Use this form to search for "FMG Friendly" employers in a given state.
One of the most common methods of obtaining U.S. Permanent Residency (also known as a “green card”, or an “immigrant visa”)--for persons who do not qualify based on family relationships--is through an employment based petition. There are various employment based avenues (i.e., immigrant categories) for obtaining U.S. Permanent Residency.
U.S. immigration law allows for the immigration of foreigners to the United States based on some family relationships to a U.S. citizen or legal permanent resident. If you can meet the requirements, this is one of the most practical ways to obtain a green card.
If you possess an advanced degree (i.e., generally considered to be a "Masters Degree" or higher), or an equivalent foreign degree, and you have a U.S. employer who is offering you a full time position which requires that type of degree (this may be waived in the National Interest), then you may be able to qualify for U.S. Permanent Residency under the EB-2 category for individuals with "ADVANCED DEGREES".
E visas are very useful visas for investors, executives, managers, supervisors, or highly specialized personnel who are citizens of countries which have a certain type of treaty with the U.S. which provides for these types of visas ("treaty countries"), and who invest in or are employed by companies which also have the nationality of the same "treaty country"; and meet other requirements.
The E-3 is a visa category for Australians only who are going to the U.S. to work temporarily in a "specialty occupation". A key advantage is that it allows Austrialians to avoid the H-1B quota which often runs out quickly.
The H-1B1 is a special visa for citizens of Singapore only. It is similar to an H-1B visa. Its key advantage is that it allows Singaporean citizens to avoid the H-1B quota which often runs out quickly.
You may be able to qualify for a fast track Green Card (EB1) if you are an executive or manager who will be employed in the U.S. in an executive or managerial position by a company, or affiliate or subsidiary of a company, which employed you outside the U.S. in a managerial or executive capacity (a) for at least 1 year in the past 3 years if you are currently outside of the U.S., or (b) for at least 1 year in the 3 years preceding your entry into the U.S. if you are currently in the U.S.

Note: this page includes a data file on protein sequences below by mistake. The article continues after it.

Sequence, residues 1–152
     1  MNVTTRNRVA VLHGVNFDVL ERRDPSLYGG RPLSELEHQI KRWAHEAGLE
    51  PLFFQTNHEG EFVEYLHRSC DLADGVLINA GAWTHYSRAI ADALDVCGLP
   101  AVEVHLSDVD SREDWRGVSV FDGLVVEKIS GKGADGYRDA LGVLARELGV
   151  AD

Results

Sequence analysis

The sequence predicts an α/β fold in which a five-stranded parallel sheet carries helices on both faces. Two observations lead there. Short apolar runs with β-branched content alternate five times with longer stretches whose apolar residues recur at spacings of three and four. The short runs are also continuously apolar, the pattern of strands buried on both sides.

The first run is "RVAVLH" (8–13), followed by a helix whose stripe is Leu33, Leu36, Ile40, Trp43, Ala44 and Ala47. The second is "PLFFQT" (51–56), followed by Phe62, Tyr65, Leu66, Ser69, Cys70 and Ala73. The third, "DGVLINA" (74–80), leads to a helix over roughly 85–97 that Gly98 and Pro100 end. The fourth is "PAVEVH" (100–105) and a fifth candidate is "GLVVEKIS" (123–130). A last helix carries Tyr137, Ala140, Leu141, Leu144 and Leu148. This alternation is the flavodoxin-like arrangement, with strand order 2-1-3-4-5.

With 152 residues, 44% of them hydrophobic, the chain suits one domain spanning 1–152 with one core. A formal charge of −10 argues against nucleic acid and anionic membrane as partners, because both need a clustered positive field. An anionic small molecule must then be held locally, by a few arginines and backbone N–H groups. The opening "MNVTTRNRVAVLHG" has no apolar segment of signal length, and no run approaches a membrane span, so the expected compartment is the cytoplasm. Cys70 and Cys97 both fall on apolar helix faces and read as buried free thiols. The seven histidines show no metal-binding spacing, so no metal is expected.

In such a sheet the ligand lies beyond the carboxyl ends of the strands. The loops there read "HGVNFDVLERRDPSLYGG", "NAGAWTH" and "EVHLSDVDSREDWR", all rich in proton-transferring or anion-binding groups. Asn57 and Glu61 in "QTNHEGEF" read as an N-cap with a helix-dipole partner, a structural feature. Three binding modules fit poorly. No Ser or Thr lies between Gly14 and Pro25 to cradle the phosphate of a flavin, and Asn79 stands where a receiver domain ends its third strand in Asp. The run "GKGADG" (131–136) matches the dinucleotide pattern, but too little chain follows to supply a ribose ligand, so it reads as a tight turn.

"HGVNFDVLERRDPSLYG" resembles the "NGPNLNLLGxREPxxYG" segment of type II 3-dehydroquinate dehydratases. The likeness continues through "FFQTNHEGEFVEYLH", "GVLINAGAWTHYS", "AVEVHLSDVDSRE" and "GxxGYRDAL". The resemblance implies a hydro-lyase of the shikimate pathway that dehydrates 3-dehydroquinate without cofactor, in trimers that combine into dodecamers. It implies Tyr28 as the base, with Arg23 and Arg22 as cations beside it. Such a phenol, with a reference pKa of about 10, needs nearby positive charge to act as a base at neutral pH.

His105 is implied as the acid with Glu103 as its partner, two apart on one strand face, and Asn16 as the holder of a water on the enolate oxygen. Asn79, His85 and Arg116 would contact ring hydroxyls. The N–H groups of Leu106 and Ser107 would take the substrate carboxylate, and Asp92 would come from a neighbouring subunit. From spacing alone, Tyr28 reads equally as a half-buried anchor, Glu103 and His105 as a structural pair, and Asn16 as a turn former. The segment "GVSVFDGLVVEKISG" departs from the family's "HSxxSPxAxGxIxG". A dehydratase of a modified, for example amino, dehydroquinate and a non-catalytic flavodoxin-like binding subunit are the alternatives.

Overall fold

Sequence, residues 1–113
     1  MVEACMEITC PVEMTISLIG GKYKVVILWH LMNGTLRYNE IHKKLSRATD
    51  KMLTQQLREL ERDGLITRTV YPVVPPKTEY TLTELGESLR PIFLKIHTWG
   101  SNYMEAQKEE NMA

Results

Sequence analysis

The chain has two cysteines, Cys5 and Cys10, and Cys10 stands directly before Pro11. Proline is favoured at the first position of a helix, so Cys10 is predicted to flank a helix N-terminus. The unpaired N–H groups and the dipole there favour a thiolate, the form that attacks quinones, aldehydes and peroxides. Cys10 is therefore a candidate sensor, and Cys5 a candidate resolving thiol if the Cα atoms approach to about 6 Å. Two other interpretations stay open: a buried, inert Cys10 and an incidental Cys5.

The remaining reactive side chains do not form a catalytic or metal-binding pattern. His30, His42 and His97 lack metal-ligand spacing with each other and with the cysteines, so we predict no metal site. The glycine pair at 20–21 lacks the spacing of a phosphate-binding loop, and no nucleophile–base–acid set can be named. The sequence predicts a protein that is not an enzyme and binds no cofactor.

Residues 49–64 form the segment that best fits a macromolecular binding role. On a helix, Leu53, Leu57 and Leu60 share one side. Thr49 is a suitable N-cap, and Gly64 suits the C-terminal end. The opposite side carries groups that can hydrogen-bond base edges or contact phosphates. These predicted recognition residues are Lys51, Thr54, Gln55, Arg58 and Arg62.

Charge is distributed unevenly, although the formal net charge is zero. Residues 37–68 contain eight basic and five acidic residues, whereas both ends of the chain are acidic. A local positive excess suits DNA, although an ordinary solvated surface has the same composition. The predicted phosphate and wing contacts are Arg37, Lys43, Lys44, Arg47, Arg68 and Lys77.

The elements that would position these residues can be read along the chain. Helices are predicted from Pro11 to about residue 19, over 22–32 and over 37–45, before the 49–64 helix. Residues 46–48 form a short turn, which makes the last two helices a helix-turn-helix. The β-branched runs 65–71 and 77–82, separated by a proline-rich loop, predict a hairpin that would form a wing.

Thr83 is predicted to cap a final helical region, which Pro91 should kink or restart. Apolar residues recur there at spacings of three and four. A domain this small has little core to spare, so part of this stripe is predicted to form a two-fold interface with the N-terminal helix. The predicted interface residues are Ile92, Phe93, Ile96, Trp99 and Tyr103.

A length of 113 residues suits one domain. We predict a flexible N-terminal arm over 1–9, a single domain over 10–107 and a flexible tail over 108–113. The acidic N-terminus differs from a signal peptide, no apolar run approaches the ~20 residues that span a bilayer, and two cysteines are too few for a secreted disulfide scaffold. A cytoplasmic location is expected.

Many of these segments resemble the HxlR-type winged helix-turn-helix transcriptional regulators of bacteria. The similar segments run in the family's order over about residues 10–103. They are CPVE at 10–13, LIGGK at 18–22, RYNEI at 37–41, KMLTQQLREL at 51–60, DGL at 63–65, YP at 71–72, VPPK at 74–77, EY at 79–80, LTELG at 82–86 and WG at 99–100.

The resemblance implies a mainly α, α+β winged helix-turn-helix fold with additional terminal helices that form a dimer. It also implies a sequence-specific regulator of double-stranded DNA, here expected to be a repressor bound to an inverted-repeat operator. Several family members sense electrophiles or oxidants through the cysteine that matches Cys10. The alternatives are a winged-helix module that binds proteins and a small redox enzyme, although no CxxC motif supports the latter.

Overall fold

PHYSICIANS applying for U.S. visas, and U.S. Permanent Residency (green cards), have special requirements and issues that must be addressed, which apply exclusively to physicians. This section is dedicated to addressing the special needs of physicians in U.S. Immigration matters.
Under "Schedule A", these qualified individuals are deemed to be "pre-certified" and do not have to undergo the Labor Certification procedure (which is often quite lengthy).
If you already have a green card, there are certain precautions you should take to keep it, i.e., not have the government take it away.
A Re-entry Permit is a document issued by the USCIS to lawful permanent residents ("green card" holders) as a travel document. Green card holders use re-entry permits to re-enter the U.S. after travel of one year or more.
Advance Parole is permission to re-enter the United States after traveling abroad in order to continue processing for adjustment of status or other benefits. This section discusses various issues regarding Advance Parole.
Our Immigration Handbooks provide an overview of key U.S. immigration topics. Including: Travel Without a Visa; Temporary Visas (Work Visas, Student Visas, Tourist Visas); Permanent Residency (Green Cards); Labor Certification; Temporary Protection; U.S. Citizenship; Enforcement; Occupations; Other Matters.